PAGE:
Continuing Education (August 2012)

Experience teaches

It has often been said that experience teaches. For many years now, the worlds of education and politics have turned to each other for talent to fill high-profile vacancies. This two-way street has enabled presidents to hire Cabinet secretaries from the world of academia and for former secretaries to return to the classroom as highly respected and even more valued members of faculty. 

Recent university grads pessimistic about job market

Whether they’re broke and out of work or just scraping by, young voters just don’t know which presidential candidate will help them out more in putting their college educations to use.

Diplomats, spouses helped by programs

Imagine coming to a foreign country, your spouse about to begin a new post as a diplomat there. You don’t know much about the culture of the land, and your knowledge of the language and customs is slim. The city you’re about to reside in for the next few years seems somewhat daunting. You can’t help but think, “If only there were something to help in this transition.”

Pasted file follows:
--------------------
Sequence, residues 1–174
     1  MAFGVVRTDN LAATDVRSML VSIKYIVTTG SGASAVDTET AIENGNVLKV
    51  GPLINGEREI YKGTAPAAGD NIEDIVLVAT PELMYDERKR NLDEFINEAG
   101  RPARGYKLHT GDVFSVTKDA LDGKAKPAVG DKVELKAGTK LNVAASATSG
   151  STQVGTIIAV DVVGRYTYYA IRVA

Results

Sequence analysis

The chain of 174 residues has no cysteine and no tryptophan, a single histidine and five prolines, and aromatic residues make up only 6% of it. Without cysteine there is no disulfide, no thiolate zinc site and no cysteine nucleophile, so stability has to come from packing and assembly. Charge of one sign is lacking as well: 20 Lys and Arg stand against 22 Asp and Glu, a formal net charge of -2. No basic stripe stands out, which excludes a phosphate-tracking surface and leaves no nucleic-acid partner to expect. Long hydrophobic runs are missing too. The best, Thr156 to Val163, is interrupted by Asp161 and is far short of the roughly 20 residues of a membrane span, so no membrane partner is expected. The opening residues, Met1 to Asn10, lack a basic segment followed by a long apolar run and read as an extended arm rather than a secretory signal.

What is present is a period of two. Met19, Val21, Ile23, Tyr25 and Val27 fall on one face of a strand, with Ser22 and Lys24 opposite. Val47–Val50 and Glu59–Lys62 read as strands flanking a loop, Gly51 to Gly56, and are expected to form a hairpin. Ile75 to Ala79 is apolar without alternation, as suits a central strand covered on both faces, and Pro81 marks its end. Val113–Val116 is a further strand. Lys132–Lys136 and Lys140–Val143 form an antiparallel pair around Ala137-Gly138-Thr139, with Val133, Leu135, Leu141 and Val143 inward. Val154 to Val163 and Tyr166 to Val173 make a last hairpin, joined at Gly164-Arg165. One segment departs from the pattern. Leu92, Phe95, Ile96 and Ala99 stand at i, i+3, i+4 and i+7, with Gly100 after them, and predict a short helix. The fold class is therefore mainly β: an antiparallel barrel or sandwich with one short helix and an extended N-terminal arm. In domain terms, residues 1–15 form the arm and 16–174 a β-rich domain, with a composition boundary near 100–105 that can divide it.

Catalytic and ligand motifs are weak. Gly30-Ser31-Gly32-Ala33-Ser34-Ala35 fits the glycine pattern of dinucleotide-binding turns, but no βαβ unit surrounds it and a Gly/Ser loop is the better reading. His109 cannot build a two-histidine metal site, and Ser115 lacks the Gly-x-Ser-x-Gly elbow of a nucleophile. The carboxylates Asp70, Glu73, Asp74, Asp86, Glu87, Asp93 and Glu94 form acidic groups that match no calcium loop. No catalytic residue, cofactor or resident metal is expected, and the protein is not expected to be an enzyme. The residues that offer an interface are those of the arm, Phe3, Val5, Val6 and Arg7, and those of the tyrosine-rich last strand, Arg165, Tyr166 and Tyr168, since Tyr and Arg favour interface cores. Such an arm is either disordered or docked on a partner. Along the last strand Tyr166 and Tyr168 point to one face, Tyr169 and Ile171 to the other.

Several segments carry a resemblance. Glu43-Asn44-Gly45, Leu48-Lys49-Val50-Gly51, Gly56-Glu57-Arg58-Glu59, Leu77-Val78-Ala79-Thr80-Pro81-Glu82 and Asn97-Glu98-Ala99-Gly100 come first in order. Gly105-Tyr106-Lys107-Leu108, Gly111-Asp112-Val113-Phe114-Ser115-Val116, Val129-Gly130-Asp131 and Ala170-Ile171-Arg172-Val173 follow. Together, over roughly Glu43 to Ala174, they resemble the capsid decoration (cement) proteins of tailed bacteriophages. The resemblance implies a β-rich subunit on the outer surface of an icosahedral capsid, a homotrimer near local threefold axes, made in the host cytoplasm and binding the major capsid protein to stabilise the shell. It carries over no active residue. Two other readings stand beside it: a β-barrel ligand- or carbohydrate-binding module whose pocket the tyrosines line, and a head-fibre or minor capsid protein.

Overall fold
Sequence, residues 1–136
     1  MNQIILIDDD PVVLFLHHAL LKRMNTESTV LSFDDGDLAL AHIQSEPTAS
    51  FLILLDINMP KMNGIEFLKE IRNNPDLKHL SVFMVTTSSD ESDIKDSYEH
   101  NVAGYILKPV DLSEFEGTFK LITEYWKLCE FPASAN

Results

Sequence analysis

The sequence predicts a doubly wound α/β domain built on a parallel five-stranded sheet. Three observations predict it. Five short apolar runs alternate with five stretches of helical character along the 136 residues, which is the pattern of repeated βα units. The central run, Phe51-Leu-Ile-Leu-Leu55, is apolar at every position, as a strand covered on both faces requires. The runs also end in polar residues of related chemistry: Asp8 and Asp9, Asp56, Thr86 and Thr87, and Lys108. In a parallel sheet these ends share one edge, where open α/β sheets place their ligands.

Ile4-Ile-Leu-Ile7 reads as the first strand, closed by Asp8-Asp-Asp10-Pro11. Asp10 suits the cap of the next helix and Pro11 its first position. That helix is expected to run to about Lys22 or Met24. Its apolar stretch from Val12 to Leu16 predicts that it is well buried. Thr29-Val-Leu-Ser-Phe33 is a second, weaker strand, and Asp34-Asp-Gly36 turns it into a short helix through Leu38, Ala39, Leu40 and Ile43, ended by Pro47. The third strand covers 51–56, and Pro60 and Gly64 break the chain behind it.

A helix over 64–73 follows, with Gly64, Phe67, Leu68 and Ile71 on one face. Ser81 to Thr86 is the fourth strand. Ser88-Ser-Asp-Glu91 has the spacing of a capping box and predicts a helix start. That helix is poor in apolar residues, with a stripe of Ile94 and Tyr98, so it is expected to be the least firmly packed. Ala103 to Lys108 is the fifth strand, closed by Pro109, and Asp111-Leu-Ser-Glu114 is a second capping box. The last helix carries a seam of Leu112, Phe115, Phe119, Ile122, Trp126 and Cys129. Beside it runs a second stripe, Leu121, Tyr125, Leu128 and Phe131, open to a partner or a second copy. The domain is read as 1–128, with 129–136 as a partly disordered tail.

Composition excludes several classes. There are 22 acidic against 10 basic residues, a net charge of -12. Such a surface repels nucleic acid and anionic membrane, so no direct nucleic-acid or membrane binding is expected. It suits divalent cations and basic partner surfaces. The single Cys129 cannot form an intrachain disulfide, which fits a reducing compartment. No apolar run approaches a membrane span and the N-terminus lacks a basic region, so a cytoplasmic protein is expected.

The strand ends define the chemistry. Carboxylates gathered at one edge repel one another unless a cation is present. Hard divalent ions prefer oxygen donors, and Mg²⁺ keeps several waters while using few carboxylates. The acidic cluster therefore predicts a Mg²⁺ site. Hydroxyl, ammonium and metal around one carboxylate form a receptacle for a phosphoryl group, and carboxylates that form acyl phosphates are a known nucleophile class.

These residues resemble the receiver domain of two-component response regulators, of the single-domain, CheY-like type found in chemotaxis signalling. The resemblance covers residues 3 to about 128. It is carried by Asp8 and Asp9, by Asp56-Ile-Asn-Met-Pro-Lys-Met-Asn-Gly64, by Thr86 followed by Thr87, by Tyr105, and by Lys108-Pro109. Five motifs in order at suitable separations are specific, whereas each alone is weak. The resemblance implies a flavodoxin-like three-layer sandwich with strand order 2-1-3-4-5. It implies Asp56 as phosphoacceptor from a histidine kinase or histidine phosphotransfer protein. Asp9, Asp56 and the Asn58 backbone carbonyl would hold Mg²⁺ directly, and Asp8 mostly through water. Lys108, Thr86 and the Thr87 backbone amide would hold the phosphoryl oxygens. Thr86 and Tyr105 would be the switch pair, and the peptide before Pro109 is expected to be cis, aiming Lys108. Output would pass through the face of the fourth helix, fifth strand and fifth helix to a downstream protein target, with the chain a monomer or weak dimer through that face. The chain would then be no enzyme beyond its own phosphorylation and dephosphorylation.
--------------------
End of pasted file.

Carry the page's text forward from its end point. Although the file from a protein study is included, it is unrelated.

Q&A with GW’s Steven Knapp

George Washington University President Steven Knapp spoke to The Hill about graduate education trends and his own personal experience earning post-bachelor’s degrees. He became the 16th president of the university in August 2007.

Traveling to the US to get an education

A look at a copy of the Rochester Community High School yearbook from 1974 reveals page after page of smiling Indiana teenagers busy with completing schoolwork, attending sports practice and posing for club photos. 

GI bill a success, but vets still struggle

The “Post-9/11 GI Bill” came into effect three years ago today. In those few short years since, the legislation has attracted hundreds of thousands of veterans, many of them returning from deployments overseas, including Iraq and Afghanistan.

For members, communication is key

It’s no question that politics and public speaking go hand in hand, but it often takes time and practice for politicians to become great public speakers. In an age of rapidly changing communication technology, sometimes politicians need to learn the ropes.